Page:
"...a fresh, entertaining and engaging tale of true friendship, love, and valuing one self as much as the people in your life do. Absolutely delightful and highly recommended."
"My advanced copy of this graphic novel says that I shouldn’t quote or review this without comparing it to the final version of the book…but I must say one thing. This Rocks! :)"
"DC's Minx line continues to come on strong with Derek Kirk Kim's Good As Lily... a fairly complex little story about the things people want in life, how they change, and all the little key points where a life can start unraveling… [grade] A"
"If you are in the mood for a fun read that ends up being a little meatier than you might expect, GOOD AS LILY will be mighty good, indeed."
"I absolutely loved this book. ... The momentum of the story carries it to a
conclusion that's satisfying without ever being pat or cloying. This fantastic done-in-one tale is easily one of the most heartwarming and enjoyable releases so far this year." And about Jesse's work specifically: "...[Hamm] turns out to be a very solid collaborator. ... Hamm's art does a stellar job using facial expressions and body language to communicate the subtle personality traits that Kim's script demands."
Also, KTVU (the TV channel Jesse relied on for cartoons as a youngster) ran a short interview with Derek Kirk Kim which can be viewed here. Toward the end is a nice flip-through of the pages of GOOD AS LILY.
Tuesday, August 14, 2007
Monday, August 13, 2007
Today was that one other time.
I can't really believe Mike Wieringo is gone. It isn't real to me yet. He was in great shape. He exercised regularly. He complained about working long hours (like all of us!) but never about feeling tired or weak. Hell, we talked on the phone two days ago and it was just another chat with 'Ringo. I had no idea what was around the corner. Neither did Mike.
I had the honor of working with Mike as a writer and as an inker-- in fact, I probably inked more of his pages than any other penciler-- and he was a joy to work with, every panel, every time. His work was deceptively simple-- there was so much knowledge and thought in every single line he put on paper. His work had a subtlety and sophistication that I really wasn't aware of until I began inking him on a regular basis. Then I noticed things like a small waver in a line indicating a muscle just starting to tense, or a tiny nick next to an eye to show slight annoyance or the beginning of a smile. His characters moved and breathed. His storytelling was crystal-clear. The worlds he brought to life were breath-taking. And whenever I inked him I tried my damnedest to capture all of that; to not screw up anything he'd given me.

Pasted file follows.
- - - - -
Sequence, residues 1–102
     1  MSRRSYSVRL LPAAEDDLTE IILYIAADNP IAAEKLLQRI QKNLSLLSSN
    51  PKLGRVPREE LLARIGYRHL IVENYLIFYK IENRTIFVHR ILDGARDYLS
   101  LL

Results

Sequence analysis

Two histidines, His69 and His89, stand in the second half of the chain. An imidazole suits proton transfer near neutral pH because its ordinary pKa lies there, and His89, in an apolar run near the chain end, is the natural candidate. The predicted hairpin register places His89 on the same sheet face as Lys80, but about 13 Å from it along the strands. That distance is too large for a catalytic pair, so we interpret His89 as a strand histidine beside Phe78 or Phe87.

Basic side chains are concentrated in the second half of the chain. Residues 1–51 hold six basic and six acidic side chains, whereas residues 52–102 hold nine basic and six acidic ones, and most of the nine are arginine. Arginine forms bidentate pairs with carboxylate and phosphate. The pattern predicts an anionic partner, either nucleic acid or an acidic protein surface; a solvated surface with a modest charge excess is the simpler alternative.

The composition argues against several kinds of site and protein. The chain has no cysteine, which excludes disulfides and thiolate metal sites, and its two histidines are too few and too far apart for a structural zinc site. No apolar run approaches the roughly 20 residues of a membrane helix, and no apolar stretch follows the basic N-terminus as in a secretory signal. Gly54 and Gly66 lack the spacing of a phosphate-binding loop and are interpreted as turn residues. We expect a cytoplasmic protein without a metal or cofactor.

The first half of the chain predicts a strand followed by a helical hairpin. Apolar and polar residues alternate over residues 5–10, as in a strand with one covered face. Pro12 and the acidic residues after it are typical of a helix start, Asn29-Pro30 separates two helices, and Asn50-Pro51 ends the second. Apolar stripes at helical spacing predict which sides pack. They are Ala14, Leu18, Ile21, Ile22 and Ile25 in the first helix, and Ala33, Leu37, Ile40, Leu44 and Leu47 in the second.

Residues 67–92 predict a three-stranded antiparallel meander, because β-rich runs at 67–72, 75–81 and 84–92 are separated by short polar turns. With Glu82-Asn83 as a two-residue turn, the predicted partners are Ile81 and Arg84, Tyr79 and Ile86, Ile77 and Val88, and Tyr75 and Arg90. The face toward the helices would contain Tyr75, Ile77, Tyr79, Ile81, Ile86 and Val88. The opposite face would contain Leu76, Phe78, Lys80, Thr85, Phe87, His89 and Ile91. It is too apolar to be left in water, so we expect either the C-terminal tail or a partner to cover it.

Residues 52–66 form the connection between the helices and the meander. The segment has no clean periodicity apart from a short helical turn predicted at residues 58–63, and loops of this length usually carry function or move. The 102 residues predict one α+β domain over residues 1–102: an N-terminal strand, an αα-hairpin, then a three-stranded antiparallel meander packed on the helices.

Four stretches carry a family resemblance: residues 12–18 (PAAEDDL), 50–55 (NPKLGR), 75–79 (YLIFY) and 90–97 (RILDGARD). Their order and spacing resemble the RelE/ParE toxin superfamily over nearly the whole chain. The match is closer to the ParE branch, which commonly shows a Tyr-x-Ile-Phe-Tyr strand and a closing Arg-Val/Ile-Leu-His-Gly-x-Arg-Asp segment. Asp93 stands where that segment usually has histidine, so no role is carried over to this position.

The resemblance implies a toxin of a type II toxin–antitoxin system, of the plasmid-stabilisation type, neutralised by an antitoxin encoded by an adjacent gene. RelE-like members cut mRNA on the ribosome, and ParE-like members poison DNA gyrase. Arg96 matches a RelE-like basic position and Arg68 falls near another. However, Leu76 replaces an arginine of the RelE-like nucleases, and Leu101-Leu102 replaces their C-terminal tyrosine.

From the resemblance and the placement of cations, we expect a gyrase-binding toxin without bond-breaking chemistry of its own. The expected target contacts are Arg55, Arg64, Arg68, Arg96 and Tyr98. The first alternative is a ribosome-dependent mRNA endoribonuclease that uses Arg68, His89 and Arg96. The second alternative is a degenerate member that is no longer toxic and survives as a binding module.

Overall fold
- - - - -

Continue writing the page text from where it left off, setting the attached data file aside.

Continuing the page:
Mike was one of my biggest boosters. God love him, he thought I was the very best inker for his pencils. The first time I worked with 'Ringo was as a writer/inker on a one-shot called Spider-Boy, and we were always trying to think up other projects that I could write-and-ink for him. More recently, I'd been stretching my penciling muscles, and Mike was nothing but encouraging and supportive. As I've developed my own sense of storytelling and pacing, the fact is no one has influenced me more than Mike.
The last time I talked to Mike we agreed that both he and I drew "action" not "violence" and, unfortunately, that limited our commercial viability in today's market. Mike commented, a bit bewildered, that only a few years ago his style was "The Look" that all the editors wanted to give their characters, but somehow, suddenly, that had changed. I'd been thinking about that a lot, even before I got the news about Mike, and this is what I decided-- this is what I was going to tell Mike the next time we talked:
Mike's art was about hope, not hopelessness. He drew heroes, not martyrs. And if that was wrong, thank you Mike for never being right.
I have a lot of framed original art on my walls, almost none of it pieces I've worked on. It just seems out of place to me to hang something I've worked on next to a Caniff or Kirby. The one exception is the cover to Fantastic Four 517, penciled by Mike Wieringo. It's my all-time favorite comic-book series, from a run I am very proud to have been a small part of, penciled by an exceptional artist and dear friend.
And it's never coming off the wall.
August 13, 2007
Labels: Karl Kesel
Sunday, August 12, 2007
Saturday, August 11, 2007
Friday, August 10, 2007
Since I was off being a tremendous dork at music camp this past week, you guys get a nice substitute treat over at the comic - namely, another comic! A finished one! Fourteen pages!
Dylan has teamed with author Sara Ryan to produce CLICK, a prequel to Sara's new book The Rules For Hearts. Both the comic and the novel star Battle Hall Davies, and one of the supporting characters in the comic is Katrina from Sara's Eisner-nominated short story Me and Edith Head.